pretty tough
I’ve had many carbon paddles over the years, with very good luck. I try to take really good care of them, but things happen. I once hit a bridge rail that a drunk knocked into the river the night before with my brand new Barton wing. It was a gift & cried so much I raised the river level! While it was a direct hit on metal, thanks to a little extra layup, it only dimpled the blade. I never use a paddle to get in or out & know of many that have snapped shafts. I had awesome service from a carbon “Swift” for many years & I’m sure you will be able to repair your paddle. You could get an insert from Eddyline & convert it to a (much stronger) one piece. Good luck.

It may have been previously…
… damaged or stressed. Using it to brace getting in or out of a boat is a no-no with a carbon paddle. Also better to use a spare for rescue practice and keep the carbon for it’s design use, paddling.

I only broke one carbon paddle and learned my lesson.

Angle of the hit
or stress/angle of deflection is the biggie with

any well made paddle. I have a Zav single blade. I used it to pole down the susquahanna one year during a shallow water race. Since we were racing care of placement and delicacy were non-existant. The blade is dinged and alittle rough now, the shaft is fine.

One stime I wedged my paddle in bridge and before I could pull it out it snapped. So it is mostlly in the angle of abuse.

try turbo
I have used my turbo wing for 1,000 miles per year for 5 years and it never broke but it did get half an inch shorter by banging it off rocks. They might be 5% or 10% heavier than others but the weight helps me solidly plant it down into the water before I bring it back. Twice I used it for 90 miler and half way thru that race you cannot afford a busted paddle.

Call Eddyline

– Last Updated: Dec-01-08 11:09 AM EST –

They will replace it. I have been using a full carbon Windswift for the past year. The first one I purchased leaked so Eddyline replaced it, no charge to me. The only paddle I had break was a wooden one.

A carbon paddle shaft should be
inspected regularly for chips or gouges in the carbon cloth matrix. These can be the place where catastrophic failure occurs. On a carbon shaft canoe paddle, most of the damage will occur on the lower half of the shaft. That’s why most of us order paddles with an 18 inch sheath of vinyl tubing on the lower portion of the shaft. It adds weight, but reduces anxiety. Unfortunately, there isn’t a weight- efficient way to sheath a kayak paddle shaft.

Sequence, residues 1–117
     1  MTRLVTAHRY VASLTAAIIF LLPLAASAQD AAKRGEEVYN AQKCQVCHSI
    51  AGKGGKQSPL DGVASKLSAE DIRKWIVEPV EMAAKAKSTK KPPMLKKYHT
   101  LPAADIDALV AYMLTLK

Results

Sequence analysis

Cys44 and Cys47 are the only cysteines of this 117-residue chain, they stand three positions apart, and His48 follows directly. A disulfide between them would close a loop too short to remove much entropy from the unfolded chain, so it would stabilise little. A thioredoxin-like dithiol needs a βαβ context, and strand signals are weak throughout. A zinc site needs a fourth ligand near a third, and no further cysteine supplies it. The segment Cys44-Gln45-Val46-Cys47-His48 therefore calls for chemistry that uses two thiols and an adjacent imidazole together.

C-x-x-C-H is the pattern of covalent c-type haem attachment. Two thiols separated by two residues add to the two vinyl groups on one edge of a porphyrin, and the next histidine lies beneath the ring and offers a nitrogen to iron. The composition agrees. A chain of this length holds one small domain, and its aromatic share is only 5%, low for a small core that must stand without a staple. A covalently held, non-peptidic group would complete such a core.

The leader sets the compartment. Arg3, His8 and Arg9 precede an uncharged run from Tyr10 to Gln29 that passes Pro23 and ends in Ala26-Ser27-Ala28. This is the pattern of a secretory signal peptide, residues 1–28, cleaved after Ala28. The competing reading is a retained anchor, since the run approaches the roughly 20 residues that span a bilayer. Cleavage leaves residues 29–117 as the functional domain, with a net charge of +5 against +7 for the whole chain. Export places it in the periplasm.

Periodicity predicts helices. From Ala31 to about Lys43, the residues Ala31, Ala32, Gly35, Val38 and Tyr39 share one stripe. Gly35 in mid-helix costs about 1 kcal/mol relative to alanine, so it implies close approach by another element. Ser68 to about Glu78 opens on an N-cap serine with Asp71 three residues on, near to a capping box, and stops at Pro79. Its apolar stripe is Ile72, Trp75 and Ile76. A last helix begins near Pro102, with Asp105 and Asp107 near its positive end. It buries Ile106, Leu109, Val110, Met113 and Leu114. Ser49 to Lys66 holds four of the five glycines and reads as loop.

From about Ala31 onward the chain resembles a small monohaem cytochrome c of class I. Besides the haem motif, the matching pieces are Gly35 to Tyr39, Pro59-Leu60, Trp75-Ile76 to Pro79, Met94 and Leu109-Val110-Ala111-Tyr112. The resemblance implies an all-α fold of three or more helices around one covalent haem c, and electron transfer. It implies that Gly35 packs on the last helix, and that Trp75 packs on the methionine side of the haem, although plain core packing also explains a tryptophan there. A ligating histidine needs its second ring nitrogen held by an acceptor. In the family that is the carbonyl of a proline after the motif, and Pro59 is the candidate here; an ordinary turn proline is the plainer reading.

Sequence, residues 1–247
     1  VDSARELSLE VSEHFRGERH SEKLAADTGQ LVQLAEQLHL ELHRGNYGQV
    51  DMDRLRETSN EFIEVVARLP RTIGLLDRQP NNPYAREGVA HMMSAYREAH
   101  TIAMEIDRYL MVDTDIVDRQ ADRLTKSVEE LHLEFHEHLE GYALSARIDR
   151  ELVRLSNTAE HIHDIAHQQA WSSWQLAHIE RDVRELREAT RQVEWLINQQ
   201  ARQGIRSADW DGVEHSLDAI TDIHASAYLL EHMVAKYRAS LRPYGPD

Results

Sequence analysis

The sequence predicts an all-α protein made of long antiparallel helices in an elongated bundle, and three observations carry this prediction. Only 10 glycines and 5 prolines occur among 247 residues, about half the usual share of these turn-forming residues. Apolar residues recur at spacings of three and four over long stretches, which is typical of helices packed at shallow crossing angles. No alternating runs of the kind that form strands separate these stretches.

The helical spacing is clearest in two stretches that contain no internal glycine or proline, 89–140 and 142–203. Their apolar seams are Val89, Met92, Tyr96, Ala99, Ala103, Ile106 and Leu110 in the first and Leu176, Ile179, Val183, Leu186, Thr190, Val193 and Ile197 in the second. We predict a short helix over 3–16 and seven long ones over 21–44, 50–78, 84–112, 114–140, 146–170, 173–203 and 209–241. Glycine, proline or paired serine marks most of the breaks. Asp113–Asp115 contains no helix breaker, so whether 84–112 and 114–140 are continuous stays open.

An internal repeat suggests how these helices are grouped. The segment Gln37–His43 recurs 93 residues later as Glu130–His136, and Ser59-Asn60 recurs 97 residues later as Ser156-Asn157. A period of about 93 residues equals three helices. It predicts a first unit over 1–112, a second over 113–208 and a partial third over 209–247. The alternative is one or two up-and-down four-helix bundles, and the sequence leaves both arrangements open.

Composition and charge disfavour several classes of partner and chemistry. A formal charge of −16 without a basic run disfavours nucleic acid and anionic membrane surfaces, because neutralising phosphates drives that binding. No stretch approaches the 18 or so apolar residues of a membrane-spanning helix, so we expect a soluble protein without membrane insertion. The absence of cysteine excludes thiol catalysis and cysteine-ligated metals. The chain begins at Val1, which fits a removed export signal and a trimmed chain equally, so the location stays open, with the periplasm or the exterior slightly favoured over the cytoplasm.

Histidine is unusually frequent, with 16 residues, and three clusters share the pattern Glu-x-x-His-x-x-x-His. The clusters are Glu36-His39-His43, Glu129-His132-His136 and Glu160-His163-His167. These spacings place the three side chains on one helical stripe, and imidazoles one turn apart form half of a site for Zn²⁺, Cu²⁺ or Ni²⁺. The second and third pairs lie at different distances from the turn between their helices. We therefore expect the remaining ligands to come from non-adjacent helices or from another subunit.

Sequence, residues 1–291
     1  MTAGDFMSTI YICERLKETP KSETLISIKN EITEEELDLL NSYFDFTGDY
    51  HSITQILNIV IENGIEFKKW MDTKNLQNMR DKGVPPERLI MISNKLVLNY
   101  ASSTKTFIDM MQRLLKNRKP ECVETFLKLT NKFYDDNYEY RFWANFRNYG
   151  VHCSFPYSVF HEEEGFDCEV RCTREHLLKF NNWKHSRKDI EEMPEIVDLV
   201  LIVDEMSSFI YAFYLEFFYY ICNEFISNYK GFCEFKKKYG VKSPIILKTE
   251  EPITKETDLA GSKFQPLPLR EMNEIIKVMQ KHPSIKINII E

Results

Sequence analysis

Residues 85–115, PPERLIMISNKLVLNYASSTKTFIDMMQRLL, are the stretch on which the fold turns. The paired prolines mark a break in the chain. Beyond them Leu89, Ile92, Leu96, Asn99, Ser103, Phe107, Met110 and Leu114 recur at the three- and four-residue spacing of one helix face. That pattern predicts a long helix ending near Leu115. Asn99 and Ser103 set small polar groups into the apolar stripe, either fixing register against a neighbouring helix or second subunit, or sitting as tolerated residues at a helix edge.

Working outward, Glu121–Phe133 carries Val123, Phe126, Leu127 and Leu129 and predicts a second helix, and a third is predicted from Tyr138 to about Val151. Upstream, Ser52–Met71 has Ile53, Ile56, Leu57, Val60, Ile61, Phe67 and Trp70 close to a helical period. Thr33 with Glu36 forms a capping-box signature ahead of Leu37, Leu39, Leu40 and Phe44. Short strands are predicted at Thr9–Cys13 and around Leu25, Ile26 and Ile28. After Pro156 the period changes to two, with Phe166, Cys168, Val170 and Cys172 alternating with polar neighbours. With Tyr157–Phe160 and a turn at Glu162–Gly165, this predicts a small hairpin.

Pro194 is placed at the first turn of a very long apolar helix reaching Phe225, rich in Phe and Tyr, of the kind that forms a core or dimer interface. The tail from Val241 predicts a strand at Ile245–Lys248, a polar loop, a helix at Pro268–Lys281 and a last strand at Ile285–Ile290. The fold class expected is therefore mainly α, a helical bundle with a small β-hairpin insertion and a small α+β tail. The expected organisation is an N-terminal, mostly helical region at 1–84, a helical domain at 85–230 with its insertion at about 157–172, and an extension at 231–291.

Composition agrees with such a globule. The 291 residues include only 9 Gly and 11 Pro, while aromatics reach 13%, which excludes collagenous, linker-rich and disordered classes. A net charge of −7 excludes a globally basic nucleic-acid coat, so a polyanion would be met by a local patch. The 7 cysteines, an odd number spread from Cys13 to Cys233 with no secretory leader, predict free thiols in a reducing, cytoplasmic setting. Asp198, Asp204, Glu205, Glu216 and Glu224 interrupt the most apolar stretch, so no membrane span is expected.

For the contemplated Mississippi run, and other long or wilderness expeditions, I recomment against carbon shafts. The weight savings is not as meaningful in a full day of steady paddling, at least not to me. In such circumstances, I use a wooden shaft canoe paddle with a carbon-sheathed wood blade. And for kayak trips where abuse and breakage will be very inconvenient, I use an old Double Torque paddle with an aluminum shaft (plastic covered) and thick, durable carbon blades. They aren’t light, but they don’t break easily.

same here,“I was just riding along…”
“I just hit a little hole and the wheel pretzled!”…and the head tube on the mtb is flared out from a loose headset smashing around for a years worth of hard riding by a 15yr old going off jumps.

oh heck
if you and the kayak are 250lbs going 4mph and that paddle is taking the entire momentum plus the velocity of a swinging paddle you sure did some product testing.

A friend had a fiberglass werner paddle break in his hands going straight into a wave (just as the shaft smacked his head). He was strong with a hard head but even a strong glass paddle can break.

I broke a Current Designs sea kayak paddle blade striking a rock.

Lots of folks have broken wood paddles practicing paddle float rescues.

Time to turn it into a one piece and buy another paddle.